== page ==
ASHBURN, Va. (DC News Now) – For Washington Commanders head coach, Ron Rivera, loyalty and hard work are engrained into his coaching style.
Growing up surrounded by Puerto Rican and Mexican cultures, these concepts are a huge part of what makes Rivera who he is.
“One of the things that I’ve always learned is that you keep those people close in your life. As I started coaching, I always wanted to keep the people that I work with close to me,” he said. “It’s hard work, you learn that very quickly.”
Ron Rivera is the only Latino head coach in the NFL, and including him, Washington has the most Latino full-time coaches on staff with a total of four.
One of them, Vincent Rivera, is the nephew of the head coach. Vincent Rivera, like his tio (uncle) played football for the University of California. After his playing career, Vincent Rivera approached Ron Rivera as he was interested in coaching, back when Ron Rivera was the head coach of the Carolina Panthers.
In true Latino fashion, Ron Rivera was not just going to hand anything to his nephew, especially not a coaching position or glamourous job with the organization.
“He said, ‘all right, come out and we’ll get you working,'” Vincent Rivera said. “That’s pretty much all he told me.”
“I told him,” Ron Rivera said. “You’re going to do it like I did. You’re going to start at the bottom up, and so he started actually [in] the equipment room.”
“It was a very Latino experience for me,” Vincent Rivera said.
Since then, Vincent Rivera has climbed the ranks in Washington and was promoted this season as an assistant linebackers coach.
Head coach Ron Rivera wanted to ensure his sobrino (nephew) earned his position, and for Vincent Rivera, he can see that the hard work is paying off.
“It was a lot of work to start off that way. Seeing things from kind of everybody’s perspective has been a huge blessing for me.”
For others on staff, like run game coordinator, Juan Castillo, the journey to become an NFL coach was not as easy.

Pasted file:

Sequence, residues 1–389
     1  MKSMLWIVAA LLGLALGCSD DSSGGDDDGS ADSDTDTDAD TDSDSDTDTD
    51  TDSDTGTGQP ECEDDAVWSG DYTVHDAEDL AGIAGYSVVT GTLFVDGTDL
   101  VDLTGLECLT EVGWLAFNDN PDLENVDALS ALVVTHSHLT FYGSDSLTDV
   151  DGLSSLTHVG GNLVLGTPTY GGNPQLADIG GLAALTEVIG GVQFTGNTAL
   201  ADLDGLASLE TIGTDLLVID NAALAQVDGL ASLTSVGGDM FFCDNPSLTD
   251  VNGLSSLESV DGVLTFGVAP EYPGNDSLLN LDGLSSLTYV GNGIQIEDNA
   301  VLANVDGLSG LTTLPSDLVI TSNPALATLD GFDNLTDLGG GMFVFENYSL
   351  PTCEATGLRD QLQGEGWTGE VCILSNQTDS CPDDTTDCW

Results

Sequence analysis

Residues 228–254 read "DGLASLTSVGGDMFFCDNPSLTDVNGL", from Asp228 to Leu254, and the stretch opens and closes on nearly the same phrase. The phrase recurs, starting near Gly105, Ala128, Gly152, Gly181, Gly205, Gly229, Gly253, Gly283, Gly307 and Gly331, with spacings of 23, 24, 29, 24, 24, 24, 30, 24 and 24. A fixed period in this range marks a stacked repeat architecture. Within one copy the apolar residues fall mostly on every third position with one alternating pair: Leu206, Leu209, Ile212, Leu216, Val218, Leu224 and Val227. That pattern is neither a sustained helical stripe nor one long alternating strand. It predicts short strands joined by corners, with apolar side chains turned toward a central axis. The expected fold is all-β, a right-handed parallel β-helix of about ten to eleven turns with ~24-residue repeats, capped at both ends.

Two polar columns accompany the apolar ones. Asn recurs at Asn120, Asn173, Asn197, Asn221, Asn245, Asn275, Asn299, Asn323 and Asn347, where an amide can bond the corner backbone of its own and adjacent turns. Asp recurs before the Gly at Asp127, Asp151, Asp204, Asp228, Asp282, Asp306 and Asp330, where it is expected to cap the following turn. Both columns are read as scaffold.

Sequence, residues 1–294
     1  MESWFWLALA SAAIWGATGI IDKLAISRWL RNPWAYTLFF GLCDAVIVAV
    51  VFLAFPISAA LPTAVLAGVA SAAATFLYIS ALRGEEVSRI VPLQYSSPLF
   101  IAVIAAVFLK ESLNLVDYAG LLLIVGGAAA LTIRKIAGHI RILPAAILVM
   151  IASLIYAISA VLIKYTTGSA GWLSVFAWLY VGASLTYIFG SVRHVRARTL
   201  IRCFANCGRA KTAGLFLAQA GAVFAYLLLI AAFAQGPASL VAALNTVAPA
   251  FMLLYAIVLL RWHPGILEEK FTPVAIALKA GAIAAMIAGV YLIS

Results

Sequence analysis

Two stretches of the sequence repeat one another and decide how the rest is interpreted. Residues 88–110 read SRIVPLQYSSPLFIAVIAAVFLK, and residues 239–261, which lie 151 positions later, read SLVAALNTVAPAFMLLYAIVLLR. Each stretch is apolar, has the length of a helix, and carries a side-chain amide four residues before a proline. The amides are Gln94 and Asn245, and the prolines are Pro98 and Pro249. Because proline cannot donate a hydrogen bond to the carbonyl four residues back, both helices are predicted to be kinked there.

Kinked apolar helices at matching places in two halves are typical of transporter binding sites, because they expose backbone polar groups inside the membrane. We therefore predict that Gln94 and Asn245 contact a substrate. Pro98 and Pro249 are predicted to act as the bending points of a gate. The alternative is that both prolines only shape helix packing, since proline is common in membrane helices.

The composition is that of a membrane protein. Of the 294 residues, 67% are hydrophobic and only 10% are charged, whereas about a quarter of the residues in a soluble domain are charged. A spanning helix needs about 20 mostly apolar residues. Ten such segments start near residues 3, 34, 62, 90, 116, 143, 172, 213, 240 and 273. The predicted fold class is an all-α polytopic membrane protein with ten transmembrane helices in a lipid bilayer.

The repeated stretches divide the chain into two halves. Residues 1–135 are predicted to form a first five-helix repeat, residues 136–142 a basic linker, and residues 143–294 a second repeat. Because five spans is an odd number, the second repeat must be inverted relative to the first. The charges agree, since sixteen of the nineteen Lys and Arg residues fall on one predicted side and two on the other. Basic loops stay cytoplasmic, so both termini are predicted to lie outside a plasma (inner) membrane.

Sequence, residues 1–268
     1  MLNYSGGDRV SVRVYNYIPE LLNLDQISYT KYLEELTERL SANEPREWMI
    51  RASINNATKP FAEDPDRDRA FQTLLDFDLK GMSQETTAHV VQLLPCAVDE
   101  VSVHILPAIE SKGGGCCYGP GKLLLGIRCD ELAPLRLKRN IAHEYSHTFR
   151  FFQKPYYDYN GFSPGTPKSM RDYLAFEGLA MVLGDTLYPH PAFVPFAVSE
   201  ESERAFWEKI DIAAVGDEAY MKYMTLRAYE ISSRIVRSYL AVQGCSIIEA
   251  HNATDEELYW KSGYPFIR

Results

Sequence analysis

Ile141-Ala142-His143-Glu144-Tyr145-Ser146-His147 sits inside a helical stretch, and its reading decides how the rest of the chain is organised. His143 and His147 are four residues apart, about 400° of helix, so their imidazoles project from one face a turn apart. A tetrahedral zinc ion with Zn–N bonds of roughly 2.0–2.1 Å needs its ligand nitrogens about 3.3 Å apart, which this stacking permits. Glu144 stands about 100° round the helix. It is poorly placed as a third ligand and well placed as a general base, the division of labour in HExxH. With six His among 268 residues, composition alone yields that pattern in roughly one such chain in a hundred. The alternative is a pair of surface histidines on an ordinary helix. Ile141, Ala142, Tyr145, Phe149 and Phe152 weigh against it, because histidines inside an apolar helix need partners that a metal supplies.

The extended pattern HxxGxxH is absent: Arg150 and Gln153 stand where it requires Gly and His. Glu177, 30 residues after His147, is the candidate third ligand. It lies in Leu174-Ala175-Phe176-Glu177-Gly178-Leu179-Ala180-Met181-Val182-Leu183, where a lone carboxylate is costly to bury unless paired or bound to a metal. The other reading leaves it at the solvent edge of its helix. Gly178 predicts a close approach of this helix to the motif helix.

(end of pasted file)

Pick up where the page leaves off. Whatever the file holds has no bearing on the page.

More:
Castillo is a first-generation Mexican American, and he didn’t know anyone when he first started.
“The first couple of years I was sleeping in my car, and eating McDonald’s for breakfast,” he said.
Then, he got his first NFL coaching job with the Philadelphia Eagles under head coach Andy Reid. That is where he first met Ron Rivera.
“Juan was one of those guys that wanted to outwork everybody,” Rivera said. “We were together in Philadelphia in 1999, that was the first time we had worked together and I really got to know him and see his work ethic. It really kind of helped shape me as to who I am, I think as a football coach.”
“Ron and myself, we would get together every morning at 5 a.m. and study,” Castillo said. “Just study football every morning in the offseason and we became friends. He’s my son’s godfather too.”
Across all Latino cultures, the core values consist of hard work, and the expectation to earn everything you achieve.
At least that is what assistant defensive backs and nickels coach, Cristian Garcia, who is of Cuban and Puerto Rican descent, believes.
“I like to look at the game analytically,” Garcia said. “Any time you enter a new place, whether that is playing or coaching, you have to earn respect, and the way you do that is through being consistent and being dependable, doing your job at a high level consistently.”
Latinos make up less than 1% of current players across all NFL rosters. Latinos also make up less than 1% of all NFL coaches.
Despite the NFL’s several initiatives to hire more coaches of color, and provide opportunities to be seen, the four Latino coaches on Washington’s staff, know it might be up to them to help other Latinos who want to coach in the NFL. Garcia said as more Latinos start playing football, more representation will be shown “in the coaching ranks.”
“Baseball, soccer, there’s been other sports that have dominated the Hispanic culture,” Garcia said. “I want to be the pinnacle for the Latino community and especially the coaching community. So I think definitely any time that I can bring a fellow Latino along, I’m going to get that opportunity to do it.”
Vincent Rivera said he thinks everybody wants to “help each other out.”
“I think that’s just kind of the culture that’s instilled in us, so it’s easy for us to do that,” he said. “That’s just kind of what we’ve got to do to keep going. I know they’re all out there, communication to get visibility, and if they see us do it, then hopefully they think that they can as well.”
“I didn’t know anybody and I went and visited people and studied from people and then that’s how you get an opportunity,” Castillo said.
It’s about having to get “guys in front,” Ron Rivera said.
“If you can get them in front, it gives a guy an opportunity or for some matter, even young women opportunities to get into coaching,” Ron Rivera said.